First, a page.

had to tie a pork chop around his neck so the dogs would play with him

is also untrue.

Mr. Miller's graduation from Gurdon High School in 1970 evidenced

the first point of a linear relationship between the level of degree

sought and the quality of the institution attended by Mr. Miller. No

comment is made on whether this relationship is direct or inverse.

In May 1973, after learning more than he ever wanted to know about

diagraming sentences and how to maintain order in public school lunch-

rooms, Mr. Miller received the degree of Bachelor of Science in

Education from Henderson State College in Arkadelphia, Arkansas.

Continuing his tradition of attending only renowned centers of

excellence in higher education, Mr. Miller began studies for the

Master of Arts degree in the Department of Speech-Communication at

West Virginia University. During his brief tenure with the Department

of Speech-Communication, Mr. Miller learned many things from several








distinguished faculty, not the least of which were appropriate

convention behavior and appropriate use of factor analysis. However,

all things, both good and bad, must come to an end. In August of 1974

Mr. Miller received the Master of Arts degree from West Virginia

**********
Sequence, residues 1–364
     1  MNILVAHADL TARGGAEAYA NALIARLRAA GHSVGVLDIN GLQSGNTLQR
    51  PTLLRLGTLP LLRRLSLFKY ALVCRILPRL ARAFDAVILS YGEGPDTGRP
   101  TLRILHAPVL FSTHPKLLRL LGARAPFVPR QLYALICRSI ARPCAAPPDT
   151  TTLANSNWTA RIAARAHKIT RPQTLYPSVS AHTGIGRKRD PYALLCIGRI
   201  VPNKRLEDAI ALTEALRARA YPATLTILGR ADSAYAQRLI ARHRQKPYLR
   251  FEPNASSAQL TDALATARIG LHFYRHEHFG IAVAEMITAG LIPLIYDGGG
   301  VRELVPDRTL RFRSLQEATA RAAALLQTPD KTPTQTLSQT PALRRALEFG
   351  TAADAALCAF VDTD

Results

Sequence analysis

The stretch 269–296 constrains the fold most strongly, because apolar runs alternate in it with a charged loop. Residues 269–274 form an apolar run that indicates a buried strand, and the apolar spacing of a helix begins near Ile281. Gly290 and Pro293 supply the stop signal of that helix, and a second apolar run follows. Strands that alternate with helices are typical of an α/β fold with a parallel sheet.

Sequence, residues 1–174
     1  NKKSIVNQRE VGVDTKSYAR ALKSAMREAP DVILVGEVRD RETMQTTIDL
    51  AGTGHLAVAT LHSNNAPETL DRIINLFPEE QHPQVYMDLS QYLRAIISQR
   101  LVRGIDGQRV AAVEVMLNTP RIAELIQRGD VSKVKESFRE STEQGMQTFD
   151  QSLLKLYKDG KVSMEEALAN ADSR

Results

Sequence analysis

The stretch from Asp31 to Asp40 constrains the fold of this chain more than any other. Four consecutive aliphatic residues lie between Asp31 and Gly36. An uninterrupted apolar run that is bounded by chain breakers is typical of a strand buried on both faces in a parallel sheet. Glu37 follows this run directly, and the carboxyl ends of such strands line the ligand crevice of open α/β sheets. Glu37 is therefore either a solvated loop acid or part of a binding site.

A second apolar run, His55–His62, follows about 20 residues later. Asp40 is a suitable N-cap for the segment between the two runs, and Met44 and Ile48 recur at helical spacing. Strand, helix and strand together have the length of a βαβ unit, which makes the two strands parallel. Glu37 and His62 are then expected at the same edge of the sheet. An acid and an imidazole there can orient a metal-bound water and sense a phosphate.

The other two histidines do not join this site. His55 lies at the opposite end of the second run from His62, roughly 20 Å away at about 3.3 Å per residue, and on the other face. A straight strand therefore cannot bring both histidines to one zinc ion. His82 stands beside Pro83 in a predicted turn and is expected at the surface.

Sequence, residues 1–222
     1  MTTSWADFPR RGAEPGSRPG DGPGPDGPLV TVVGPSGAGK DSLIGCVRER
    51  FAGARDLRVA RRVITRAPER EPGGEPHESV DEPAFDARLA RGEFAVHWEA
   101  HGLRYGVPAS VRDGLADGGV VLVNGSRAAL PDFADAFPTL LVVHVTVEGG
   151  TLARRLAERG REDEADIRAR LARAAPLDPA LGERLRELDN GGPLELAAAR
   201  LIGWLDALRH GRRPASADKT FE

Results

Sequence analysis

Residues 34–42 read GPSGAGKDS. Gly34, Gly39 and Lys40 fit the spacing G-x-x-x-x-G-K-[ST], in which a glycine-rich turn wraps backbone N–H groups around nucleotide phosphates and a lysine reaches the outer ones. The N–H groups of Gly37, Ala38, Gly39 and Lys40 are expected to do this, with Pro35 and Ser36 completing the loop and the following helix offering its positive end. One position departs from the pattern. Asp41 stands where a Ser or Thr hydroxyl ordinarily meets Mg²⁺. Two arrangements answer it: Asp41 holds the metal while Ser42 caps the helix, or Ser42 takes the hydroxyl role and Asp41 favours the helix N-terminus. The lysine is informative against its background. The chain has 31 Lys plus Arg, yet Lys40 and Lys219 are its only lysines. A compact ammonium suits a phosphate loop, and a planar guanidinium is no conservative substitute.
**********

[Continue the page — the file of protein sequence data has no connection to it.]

University.

Not having satisfied his thirst for knowledge, Mr. Miller donned

his Mae West and began studies on the Flagship, the University of

Florida. The most significant aspects of his learning experiences on

board the Flagship concerned aspects of professionalism and ethics.

In February of 1977 Mr. Miller wed the former Debra Bennett.

It should be noted that at the time of the ceremony he was not wearing

a pork chop necklace. They have one son, Andrew. In the summer of

1977, with professionalism at its zenith on board the Flagship, the

Miller clan moved to Laramie, Wyoming, where Mr. Miller joined the

faculty of the Department of Communication at the University of

Wyoming.

Returning to the Flagship for the last time, Mr. Miller completed

the requirements for the degree of Doctor of Philosophy in the summer

of 1978.

At last report Michael, Debra and Andrew were going home to a